Socialist Realism Art and Sorela Architecture
Socialist Realist art is easy to find in Prague metro stations. Walls in several of its vestibules are adorned with socialist realist works of art. Characteristic murals in Smichov railway station and sgraffito on the façade of Hotel International all show Socialist Realism art at its best. Sorela is architecture based on Stalinist design.
Socialist realism and Sorela developed in the Soviet Union and was the state-dictated style for art works and architecture from 1932 until 1988. Since Czechoslovakia was a communist-ruled country, Socialist realism-style was forced upon the country. Now, more than thirty years after the Velvet Revolution there are still traces of Socialist Realism in Prague.
Socialist Realism: best be forgotten?
Soon after 1989, Soviet influence was wiped out as nobody wanted to be reminded of a destructive regime. Today, some of the art will be preserved. Smichov railway station is a good example. It is a hideous building but typical of the period and inside are interesting Socialist Realist murals. The station and the area around it will be redeveloped and a new station will be built. The old station will be incorporated in the new and the murals will remain as a reminder of dark days in the past.
Socialist Realism and Communist Values
Socialist Realism depicts communist values. The works of art often show an educational message; the beauty and bliss of working in the fields or in a factory; individuals working for collective good. Paintings show happy, muscular peasants and workers in factories. All works of art resemble each other because the artist’s own input was not a part of Socialist Realism.
The most important thing for an artist was to be faithful to the party doctrine. Creativity was not appreciated. Neither could the artists portray realistic life, because anything that reflected negatively on Communism had to be avoided. Safe subjects were flowers, sunlight, the body, youth, peasants, industry, and new technology. All works of art had a didactic function and showed a glorified picture of communist values.
Socialist Realist Art in the Metro
Check out the Socialist Realist art in following metro station:
Florenc, line C: mosaic
Jinonice, line C: relief
Dejvicka, line A: wall sculpture
Hradčanská line A: relief
Andel line B: mural depicting friendship bonds between Moscow and Prague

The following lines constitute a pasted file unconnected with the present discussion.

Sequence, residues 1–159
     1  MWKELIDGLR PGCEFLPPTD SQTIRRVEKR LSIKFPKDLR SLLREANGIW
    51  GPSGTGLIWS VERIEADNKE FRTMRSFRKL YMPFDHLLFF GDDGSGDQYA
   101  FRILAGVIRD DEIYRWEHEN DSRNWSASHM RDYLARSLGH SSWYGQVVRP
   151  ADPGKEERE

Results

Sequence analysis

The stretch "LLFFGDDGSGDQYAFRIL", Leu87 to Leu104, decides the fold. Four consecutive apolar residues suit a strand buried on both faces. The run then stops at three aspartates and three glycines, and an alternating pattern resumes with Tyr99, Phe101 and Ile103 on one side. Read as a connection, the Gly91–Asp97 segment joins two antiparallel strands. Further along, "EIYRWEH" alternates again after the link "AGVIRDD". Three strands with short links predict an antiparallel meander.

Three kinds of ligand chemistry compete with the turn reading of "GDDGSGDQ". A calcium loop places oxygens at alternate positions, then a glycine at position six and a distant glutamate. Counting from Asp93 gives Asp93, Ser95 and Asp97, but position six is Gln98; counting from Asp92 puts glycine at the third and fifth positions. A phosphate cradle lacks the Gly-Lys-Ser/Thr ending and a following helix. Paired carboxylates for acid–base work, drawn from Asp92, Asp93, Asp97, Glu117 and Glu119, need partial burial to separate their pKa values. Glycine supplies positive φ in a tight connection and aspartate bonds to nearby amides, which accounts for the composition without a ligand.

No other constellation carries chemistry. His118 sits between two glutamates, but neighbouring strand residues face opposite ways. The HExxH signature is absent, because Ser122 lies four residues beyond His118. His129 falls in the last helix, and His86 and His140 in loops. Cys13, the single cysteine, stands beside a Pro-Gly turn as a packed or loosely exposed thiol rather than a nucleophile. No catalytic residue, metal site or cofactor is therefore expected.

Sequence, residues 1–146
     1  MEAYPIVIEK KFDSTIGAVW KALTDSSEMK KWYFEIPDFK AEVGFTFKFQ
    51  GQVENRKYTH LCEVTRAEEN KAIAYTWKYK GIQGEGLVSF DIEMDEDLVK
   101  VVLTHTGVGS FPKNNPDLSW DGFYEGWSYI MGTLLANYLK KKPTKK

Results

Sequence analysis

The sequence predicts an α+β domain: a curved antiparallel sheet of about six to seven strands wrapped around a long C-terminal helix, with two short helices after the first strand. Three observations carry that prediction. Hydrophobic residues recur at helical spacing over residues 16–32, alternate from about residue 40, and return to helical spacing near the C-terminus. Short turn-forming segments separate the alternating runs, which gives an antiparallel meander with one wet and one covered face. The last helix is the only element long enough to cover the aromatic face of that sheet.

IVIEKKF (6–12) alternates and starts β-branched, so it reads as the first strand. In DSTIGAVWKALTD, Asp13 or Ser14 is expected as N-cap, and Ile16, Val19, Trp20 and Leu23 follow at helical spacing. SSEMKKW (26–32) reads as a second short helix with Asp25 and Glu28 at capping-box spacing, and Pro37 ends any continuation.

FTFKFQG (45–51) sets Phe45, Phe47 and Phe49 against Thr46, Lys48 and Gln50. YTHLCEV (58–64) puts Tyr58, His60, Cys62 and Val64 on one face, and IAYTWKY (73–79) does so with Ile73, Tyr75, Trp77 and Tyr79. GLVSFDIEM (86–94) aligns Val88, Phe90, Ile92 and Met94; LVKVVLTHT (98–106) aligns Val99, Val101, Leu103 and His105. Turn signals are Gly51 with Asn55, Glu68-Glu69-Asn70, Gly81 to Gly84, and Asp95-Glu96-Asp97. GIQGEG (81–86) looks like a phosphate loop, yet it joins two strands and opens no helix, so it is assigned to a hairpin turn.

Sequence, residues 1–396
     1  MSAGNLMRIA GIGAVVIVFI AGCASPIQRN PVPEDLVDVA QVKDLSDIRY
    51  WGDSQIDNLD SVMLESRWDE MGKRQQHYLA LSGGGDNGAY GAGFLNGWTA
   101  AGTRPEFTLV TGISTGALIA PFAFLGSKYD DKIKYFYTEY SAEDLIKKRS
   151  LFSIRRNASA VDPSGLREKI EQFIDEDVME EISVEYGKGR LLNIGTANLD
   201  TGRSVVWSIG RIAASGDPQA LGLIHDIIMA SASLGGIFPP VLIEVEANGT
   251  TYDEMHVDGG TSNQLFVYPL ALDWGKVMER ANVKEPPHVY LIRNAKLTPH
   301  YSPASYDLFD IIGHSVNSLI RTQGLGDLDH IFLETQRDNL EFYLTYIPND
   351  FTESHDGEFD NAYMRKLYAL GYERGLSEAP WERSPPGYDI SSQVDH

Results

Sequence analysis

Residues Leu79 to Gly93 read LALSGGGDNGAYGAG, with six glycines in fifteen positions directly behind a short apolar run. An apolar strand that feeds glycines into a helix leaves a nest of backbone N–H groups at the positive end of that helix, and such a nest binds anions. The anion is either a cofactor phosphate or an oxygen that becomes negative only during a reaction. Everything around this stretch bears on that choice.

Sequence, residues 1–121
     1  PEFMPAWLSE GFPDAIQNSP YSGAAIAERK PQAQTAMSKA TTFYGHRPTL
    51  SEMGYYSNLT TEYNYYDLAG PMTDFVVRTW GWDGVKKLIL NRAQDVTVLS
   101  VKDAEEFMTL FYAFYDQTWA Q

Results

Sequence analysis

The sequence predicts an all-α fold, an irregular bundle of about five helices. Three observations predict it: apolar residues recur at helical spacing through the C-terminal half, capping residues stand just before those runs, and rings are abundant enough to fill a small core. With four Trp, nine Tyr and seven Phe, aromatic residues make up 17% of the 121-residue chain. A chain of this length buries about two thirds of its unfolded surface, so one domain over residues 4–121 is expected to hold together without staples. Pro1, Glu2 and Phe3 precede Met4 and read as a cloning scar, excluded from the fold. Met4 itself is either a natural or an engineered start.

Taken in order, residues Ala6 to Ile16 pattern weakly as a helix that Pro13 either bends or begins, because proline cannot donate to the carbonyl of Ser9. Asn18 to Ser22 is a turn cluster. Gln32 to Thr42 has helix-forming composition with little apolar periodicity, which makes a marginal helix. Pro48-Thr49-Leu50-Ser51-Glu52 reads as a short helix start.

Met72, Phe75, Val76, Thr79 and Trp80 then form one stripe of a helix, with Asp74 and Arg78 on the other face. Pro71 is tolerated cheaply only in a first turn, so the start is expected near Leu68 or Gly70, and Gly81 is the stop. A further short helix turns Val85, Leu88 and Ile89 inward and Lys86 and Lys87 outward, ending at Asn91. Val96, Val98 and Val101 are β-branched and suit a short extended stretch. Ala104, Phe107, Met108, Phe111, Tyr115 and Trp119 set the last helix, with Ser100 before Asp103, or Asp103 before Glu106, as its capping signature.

Haje line C: mosaic in the vestibule and a statue of two cosmonauts outside the station
Chodov, line C: life size statue of a worker, outside the station
Holesovice main line station: portrait of Julius Fucik, journalist and writer, an active member of Communist Party of Czechoslovakia.
More about Prague metro as a tourist attraction
The Stalin Monument, huge statue in Social Realist-style, dominated Letna Hill until 1992 when it was blown up. This group statue glorified Jozef Stalin. This communist dictator was popular after World War II for defeating the Nazis but there was also a dark side to his reputation. Everyone who threatened his position of power was eliminated.
Read here more about the Stalin Monument
Sorela Buildings in Prague
The development of Czech functionalist architecture ended in 1948 when the Communists took over because Functionalism was a dangerous western style in the eyes of the Communists. From 1948 onwards, the only permitted style was Sorela, short for Socialist Realism Architecture. Sorela was based on Stalinist architecture. Cities were built to a general development plan and characterized by wide street and squares to be used as assembly places and for parades. Stalinist architecture produced pompous and cumbersome buildings.
The Communists had plans for Prague. Blocks of houses between the Klementinum and Parizska street were earmarked for demolition that never took place neither was the Charles University building, opposite the Rudolfinum, replaced by a tower. There are very few Sorela buildings in Prague. One of them is Hotel International in the Dejvice district and another is Hotel Jalta on Wenceslas Square.
Socialist Realism Fine Arts
In Socialist Realism art sculptures and figures in paintings depict highly idealized persons. Artist could not portray life the way they saw it. In Communist ideology, people were either wholly good or wholly evil and things were either right or wrong. There was no in between. It was idealism against realism. Life was filled with happiness and health. Therefore, painting portrayed happy peasants harvesting or happy workers in factories producing useful products. Sculptures depicted labourers, schoolchildren and guards.
Socialist Realist Art in Prague
1. The frieze above the entrance door to an apartment building on Blanicka Street 5 shows an educational piece of propaganda. A happy proletarian family: the mother nurses a newborn baby, the father draws up designs for a new steel factory, the children engage in sporting and musical activities.
Blanicka is a side street of Vinohradska in the Vinohrady district and a ten-minute walk from Wenceslas Square.
2. Reliefs on the façade of Korunni 98 show factory workers consulting a work sheet. The mural reliefs on either side of the entrance to the Police Station.
Korunni is also in the Vinohrady district. Continue Vinohradska Street and turn right at Nitranska Street, cross Sleska and turn left into Korunni. Number 98 is on the right side.